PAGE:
For a summit billed as being on the cutting-edge of delivering a global solution to climate change, modern technology is not so useful to delegates at COP26.

Amidst the end of the first week of negotiations – largely overshadowed by political corruption in Westminster and angry young people outside the conference venue – frantic Welsh Government press officers are trying to put me through to Julie James. Wales’ Climate Change Minister, somewhere in the same room at Glasgow, is nowhere on my screen. And I have only been spared half an hour for an audience.

The National Wales: Julie James MS is the Minister for Climate ChangeJulie James MS is the Minister for Climate Change

Eventually, with luck, she appears. (I look at the clock; less than 25 minutes to go.) So, how is the conference? At that point, “really busy” and “really interesting”, of course. Immediately I sense that James is channelling Mark Drakeford’s unique positivity about solving the climate crisis – the First Minister said upon his visit to Glasgow that “a sense of hope for people for the future” would be needed to inspire change – by revelling in Wales’ role at the table, however big or small, in tackling global challenges.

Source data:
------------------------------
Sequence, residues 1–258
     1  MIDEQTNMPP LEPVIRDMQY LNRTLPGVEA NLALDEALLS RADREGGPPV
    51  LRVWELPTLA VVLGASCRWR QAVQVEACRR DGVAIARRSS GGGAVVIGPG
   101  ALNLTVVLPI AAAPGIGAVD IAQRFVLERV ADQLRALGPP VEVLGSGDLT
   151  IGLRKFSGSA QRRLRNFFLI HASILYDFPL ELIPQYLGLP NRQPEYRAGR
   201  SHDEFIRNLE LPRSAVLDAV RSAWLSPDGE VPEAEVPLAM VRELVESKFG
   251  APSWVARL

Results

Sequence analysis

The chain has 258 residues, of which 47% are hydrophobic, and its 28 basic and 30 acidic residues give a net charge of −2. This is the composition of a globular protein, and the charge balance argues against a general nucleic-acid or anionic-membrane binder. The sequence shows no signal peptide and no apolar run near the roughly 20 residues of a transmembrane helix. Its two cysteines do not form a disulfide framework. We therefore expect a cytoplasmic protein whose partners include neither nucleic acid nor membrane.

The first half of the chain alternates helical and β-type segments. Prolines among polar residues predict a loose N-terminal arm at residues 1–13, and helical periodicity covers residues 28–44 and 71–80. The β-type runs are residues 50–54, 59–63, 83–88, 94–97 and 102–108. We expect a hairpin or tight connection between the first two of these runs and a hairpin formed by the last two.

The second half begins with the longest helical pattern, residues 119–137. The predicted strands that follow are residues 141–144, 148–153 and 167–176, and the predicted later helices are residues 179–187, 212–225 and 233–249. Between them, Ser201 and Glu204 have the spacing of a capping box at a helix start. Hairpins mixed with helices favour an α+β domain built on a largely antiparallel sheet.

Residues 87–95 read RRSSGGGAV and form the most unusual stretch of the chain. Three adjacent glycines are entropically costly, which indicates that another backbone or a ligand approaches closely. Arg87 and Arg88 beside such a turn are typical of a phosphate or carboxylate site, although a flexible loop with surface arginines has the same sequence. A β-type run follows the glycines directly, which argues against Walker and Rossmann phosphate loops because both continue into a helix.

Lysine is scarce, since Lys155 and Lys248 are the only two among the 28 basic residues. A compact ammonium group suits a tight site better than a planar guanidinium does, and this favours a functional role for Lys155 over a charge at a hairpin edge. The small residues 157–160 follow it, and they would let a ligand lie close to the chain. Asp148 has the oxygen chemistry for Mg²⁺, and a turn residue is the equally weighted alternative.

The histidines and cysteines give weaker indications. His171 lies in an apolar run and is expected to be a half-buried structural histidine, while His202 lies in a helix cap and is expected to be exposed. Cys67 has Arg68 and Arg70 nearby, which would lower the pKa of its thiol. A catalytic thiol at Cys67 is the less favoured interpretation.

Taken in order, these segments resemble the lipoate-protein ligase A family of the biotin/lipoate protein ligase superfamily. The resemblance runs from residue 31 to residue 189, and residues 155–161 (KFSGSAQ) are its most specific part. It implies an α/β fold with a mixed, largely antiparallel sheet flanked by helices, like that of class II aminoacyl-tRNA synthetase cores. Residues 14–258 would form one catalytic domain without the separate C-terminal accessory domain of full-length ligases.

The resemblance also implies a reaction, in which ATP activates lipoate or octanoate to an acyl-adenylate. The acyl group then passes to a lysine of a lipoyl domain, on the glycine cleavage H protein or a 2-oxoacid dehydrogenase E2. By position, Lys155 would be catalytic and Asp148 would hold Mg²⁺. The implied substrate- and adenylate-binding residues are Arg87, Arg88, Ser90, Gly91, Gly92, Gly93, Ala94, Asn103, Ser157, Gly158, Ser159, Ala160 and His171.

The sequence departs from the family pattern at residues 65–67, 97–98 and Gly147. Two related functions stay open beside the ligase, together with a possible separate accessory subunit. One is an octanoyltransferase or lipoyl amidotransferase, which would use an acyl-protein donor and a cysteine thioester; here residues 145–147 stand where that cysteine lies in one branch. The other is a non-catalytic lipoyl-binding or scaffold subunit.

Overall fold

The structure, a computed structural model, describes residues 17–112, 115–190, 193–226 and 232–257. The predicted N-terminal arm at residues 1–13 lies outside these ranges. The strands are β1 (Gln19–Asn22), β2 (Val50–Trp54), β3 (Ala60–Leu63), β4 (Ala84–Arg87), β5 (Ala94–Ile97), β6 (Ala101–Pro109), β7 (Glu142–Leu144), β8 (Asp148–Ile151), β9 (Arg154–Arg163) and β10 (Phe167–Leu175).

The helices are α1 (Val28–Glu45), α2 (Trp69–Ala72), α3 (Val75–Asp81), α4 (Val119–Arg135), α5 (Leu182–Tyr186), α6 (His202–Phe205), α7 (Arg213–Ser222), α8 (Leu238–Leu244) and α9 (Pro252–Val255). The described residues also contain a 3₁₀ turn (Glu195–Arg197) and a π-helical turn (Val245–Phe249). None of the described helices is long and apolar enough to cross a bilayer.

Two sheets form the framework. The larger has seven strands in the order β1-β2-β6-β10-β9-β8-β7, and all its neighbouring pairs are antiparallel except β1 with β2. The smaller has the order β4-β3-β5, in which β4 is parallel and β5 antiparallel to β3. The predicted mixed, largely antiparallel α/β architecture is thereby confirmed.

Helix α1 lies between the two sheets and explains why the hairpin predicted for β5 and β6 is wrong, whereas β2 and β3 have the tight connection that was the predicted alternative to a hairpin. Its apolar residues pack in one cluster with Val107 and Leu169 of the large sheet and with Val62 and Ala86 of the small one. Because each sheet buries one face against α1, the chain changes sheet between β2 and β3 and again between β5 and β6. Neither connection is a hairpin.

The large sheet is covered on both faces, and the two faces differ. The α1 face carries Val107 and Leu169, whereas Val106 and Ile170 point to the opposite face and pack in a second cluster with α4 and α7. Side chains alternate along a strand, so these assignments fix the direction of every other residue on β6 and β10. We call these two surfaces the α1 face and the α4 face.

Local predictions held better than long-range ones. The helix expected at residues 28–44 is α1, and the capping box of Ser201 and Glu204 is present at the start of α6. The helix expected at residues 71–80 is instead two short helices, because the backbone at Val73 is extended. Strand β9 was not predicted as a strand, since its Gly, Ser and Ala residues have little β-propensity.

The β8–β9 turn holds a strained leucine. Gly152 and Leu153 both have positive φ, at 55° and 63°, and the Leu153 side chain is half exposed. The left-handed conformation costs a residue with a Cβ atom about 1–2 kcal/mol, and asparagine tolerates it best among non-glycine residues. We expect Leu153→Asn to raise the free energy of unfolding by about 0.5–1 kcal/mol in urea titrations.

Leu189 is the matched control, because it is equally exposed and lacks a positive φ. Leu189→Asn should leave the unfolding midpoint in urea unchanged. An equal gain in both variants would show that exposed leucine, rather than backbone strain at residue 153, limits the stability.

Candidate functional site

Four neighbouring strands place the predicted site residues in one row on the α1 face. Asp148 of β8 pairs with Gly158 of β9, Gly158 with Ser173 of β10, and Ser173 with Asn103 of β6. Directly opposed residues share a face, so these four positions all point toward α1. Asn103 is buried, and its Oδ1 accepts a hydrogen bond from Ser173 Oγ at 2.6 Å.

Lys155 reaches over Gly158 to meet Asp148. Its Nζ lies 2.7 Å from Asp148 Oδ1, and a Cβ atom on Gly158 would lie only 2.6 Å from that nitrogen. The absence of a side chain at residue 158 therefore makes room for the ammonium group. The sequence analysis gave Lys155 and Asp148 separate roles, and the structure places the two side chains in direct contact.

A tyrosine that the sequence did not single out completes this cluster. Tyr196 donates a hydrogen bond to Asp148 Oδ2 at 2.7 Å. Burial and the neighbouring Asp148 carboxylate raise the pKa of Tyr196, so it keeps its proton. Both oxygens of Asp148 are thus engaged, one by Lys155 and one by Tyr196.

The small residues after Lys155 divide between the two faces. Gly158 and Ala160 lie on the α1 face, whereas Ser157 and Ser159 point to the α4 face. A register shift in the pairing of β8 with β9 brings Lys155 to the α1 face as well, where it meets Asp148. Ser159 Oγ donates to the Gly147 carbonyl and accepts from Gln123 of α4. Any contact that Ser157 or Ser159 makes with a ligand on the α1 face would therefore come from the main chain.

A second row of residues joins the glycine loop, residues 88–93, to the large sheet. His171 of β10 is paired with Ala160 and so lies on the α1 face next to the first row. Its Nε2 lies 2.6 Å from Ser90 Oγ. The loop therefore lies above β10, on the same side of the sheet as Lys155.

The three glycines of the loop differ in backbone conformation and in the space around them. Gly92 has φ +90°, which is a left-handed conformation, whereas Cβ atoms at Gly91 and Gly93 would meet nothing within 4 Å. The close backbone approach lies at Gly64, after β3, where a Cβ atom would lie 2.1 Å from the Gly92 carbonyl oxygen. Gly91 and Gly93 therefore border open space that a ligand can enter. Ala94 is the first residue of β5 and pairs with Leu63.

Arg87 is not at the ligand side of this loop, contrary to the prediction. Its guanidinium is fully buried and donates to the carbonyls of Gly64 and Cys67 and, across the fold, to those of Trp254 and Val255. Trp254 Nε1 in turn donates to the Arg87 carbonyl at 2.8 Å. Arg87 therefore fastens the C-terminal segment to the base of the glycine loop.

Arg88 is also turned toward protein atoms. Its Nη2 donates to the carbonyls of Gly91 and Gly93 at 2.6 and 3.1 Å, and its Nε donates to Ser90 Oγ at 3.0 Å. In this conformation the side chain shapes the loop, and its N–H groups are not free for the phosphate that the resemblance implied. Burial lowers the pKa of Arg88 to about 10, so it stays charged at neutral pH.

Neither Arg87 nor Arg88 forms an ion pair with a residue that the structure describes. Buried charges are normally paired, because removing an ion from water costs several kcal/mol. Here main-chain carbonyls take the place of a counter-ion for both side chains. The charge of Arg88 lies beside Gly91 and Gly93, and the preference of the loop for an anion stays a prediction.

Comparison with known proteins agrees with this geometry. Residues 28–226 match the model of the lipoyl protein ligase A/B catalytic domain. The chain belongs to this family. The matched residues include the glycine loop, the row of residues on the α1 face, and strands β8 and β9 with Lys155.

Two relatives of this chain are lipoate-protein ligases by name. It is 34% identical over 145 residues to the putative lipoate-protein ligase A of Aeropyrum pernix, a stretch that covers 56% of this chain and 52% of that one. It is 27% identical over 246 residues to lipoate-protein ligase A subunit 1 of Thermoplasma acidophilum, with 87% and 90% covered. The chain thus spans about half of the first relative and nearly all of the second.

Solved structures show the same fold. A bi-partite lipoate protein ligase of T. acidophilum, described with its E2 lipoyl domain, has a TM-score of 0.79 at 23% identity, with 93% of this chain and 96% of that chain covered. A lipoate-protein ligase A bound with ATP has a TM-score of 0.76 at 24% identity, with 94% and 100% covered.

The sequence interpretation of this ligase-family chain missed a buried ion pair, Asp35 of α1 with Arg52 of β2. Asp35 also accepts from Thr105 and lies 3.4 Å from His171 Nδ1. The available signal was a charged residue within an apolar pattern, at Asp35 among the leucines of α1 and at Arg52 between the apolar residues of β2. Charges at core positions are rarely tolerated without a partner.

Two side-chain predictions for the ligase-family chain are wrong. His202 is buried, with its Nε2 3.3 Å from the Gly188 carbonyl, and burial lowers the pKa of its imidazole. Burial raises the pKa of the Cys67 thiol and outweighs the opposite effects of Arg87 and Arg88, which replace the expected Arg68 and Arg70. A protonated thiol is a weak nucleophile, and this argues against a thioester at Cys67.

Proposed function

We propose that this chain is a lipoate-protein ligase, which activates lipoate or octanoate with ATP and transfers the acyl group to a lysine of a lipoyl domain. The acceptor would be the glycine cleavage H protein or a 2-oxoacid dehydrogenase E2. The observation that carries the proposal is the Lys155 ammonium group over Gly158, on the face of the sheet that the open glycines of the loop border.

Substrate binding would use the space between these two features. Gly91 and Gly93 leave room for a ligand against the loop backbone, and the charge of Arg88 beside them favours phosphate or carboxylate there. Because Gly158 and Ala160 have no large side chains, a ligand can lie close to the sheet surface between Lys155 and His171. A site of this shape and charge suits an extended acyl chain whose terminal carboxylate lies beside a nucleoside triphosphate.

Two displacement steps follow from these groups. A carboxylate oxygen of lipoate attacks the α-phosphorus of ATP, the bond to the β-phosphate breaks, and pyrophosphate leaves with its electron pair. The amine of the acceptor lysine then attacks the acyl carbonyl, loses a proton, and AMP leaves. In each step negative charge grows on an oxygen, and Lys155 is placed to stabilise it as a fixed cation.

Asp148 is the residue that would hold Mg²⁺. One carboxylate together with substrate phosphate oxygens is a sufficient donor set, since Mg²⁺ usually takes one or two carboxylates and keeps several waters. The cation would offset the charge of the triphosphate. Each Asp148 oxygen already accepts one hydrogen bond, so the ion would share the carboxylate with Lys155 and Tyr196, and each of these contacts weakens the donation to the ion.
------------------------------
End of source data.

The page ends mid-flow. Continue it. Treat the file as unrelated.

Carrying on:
For example, she says during our conversation that there is no point having a “council of doom” and that young people across Wales need to be part of a “global revolution” to build a greener planet. One of the big opportunities at COP26 is that there is a chance to showcase “some of the really great things” done in Wales in terms of environmental policies and programmes, the Minister emphasises, whether it’s to do with coastal defence strategies or the delivery of sustainable housing.